Andy Sprenger’s life was influenced from all around the world.
Born and raised in Colorado, he graduated from college in Canada with a degree in biology. He married Laurel, a Canadian woman, whom he met when both worked at environmental institute jobs. He was the head cook there for three years.
They lived in England, then Lebanon for a while, where he worked at preserving a wetlands frequented by European birds flying south for the winter. Then, his wife was offered a position with a nonprofit in Annapolis and they moved here, to West Annapolis.
Laurel Sprenger is now a stay-at-home-mom for James, 7, Leila, 3, and Joshua, 1 ½, and they live in Centreville.
Andy’s job hunt led him to on Russell Street in Annapolis.
“I found out about Caffé Pronto while I was looking for a short-term job till I could find something in my (environmental) field,” said Sprenger.
Today he is the head roaster and recently won the 2011 U.S. Brewer's Cup Championship from the Specialty Coffee Association of America (SCAA).
How does one’s career move from biology to environmentalism to cook to coffee roaster?
Caffé Pronto was just about a year old and was hiring for different positions.
“I loved coffee and had considered opening a coffee shop in college,” explained Sprenger, so he looked into the open positions.
He was a barista, a delivery person, and he bagged coffee. In his third year, he expressed interest in becoming a roaster. “We were such a small company,” he said, “we all did whatever needed to be done.”
Sprenger said he wanted to start roasting to free up time for the owner to work on expanding the business. To that end, he was trained by the owner and other coffee professionals and, within a few months, Sprenger was in control of the roasting operation.
Maybe you’re wondering, ‘What’s so hard about making a good cup of coffee?’ Well, there’s more to it than non-professionals know.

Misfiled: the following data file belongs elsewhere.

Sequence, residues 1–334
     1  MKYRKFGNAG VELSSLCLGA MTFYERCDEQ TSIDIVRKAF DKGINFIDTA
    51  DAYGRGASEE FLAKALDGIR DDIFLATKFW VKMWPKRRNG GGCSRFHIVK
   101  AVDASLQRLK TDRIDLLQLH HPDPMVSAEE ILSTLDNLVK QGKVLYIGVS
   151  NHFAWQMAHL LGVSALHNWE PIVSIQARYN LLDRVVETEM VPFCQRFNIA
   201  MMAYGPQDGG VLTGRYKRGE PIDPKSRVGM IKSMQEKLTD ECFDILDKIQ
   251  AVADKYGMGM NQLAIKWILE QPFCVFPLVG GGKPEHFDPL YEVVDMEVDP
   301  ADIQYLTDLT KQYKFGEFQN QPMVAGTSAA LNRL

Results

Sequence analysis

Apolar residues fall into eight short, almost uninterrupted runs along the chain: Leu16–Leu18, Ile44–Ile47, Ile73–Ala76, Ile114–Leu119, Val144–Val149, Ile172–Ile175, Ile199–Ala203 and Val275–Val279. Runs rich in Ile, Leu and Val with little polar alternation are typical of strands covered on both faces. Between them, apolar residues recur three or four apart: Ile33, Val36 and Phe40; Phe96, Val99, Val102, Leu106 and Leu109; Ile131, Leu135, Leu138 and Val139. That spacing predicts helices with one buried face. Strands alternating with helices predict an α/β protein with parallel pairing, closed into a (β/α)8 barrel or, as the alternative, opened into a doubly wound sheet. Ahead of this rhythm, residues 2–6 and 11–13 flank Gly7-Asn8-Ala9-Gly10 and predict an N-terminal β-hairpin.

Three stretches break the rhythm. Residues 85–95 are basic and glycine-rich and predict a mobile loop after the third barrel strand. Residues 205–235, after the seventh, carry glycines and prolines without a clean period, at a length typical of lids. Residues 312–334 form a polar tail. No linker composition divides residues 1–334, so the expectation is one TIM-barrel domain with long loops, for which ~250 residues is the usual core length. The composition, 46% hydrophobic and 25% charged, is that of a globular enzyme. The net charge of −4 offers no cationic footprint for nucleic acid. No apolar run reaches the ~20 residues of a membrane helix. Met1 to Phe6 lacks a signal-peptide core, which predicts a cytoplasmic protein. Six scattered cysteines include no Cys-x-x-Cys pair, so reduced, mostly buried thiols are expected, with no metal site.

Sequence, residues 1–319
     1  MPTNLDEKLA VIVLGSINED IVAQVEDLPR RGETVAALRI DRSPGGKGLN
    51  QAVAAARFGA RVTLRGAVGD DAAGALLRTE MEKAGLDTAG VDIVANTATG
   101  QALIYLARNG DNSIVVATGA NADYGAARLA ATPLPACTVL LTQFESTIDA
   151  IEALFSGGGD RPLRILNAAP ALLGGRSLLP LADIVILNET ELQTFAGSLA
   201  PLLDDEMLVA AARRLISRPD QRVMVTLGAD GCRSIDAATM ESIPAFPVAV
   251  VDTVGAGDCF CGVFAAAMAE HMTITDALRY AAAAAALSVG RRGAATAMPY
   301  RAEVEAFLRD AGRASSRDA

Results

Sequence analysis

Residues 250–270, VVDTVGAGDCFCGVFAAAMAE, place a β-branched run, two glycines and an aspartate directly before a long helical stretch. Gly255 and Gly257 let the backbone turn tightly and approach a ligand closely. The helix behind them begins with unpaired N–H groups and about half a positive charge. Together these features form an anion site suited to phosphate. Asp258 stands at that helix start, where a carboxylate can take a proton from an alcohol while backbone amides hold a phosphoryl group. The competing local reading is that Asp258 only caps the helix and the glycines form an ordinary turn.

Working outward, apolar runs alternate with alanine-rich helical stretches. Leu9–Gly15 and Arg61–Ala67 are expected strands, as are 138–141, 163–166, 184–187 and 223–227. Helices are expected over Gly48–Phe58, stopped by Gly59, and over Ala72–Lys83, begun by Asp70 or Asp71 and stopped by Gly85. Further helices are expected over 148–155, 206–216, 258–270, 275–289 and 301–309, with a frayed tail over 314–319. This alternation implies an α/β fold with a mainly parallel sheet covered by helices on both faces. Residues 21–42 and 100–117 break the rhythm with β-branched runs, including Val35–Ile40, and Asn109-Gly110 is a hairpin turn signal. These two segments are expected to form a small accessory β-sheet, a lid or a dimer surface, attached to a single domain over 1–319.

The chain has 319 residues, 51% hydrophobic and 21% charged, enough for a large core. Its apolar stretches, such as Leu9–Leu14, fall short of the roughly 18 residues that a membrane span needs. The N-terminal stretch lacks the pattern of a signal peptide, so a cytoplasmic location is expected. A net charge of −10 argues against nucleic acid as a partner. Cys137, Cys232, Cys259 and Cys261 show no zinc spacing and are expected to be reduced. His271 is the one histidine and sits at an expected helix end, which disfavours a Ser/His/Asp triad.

Sprenger explains that brewing coffee has so many variables and anyone of those done wrong can result in a poor quality cup of coffee.
“Brew time, the grind, the method you choose for brewing…the water you use could be too cold…(or) too hot. You could be using too much coffee,” said Sprenger, listing some of the issues to consider when brewing the best cup of coffee.
The SCAA competition allowed the use of any brew method except an electric drip or stove-top percolator. French press, the pour over they use at the café, siphon brew or aeropress are all acceptable methods. Three judges made the final decision--based on the coffee’s taste and how it’s served. Sprenger also made a brief presentation about where the coffee was from, how it was grown, how it was roasted and the brew method, among other things.
“I hadn’t expected to get in the brewers cup (competition). It was a pleasant surprise (to win),” he said. He received a trophy, some small prizes and an all expenses paid trip to The Netherlands for his next competition this month at the International World Brewers Cup.
Sprenger said coffee is an important part of many cultures. In Ethiopia, for example, at an orphanage celebrating the adoption of their son, Joshua, they had an elaborate ceremony with flowers strewn on the ground. Coffee was ground right in front of the guests and brewed fresh and everyone gathered in a circle. A lady poured the coffee in small cups, then everyone drank together; a little like an English high tea.
Sprenger, 38, sees himself still in the coffee business, maybe in quality control and purchasing, as time goes by. He likes traveling and does so to Central America with some regularity.
In his sparse spare time, he leads bird tours where busloads of bird watchers travel to a location locally and elsewhere to look for and identify birds.
Birds are environmental indicators,” said Sprenger. “If you have a healthy environment birds are present.”
The family enjoys gardening, particularly growing heirloom tomatoes.
“We don’t have a huge garden. I wish I had more space and more time… It’s something nice to come home to, and walk with the kids around the garden,” said Sprenger.